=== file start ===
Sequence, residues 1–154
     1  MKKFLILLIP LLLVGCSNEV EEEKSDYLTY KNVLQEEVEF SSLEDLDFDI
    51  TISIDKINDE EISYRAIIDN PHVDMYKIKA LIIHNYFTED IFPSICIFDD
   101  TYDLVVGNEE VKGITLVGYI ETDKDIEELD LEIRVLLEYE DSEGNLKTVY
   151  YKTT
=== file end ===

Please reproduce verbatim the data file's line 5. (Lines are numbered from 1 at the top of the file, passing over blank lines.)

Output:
   151  YKTT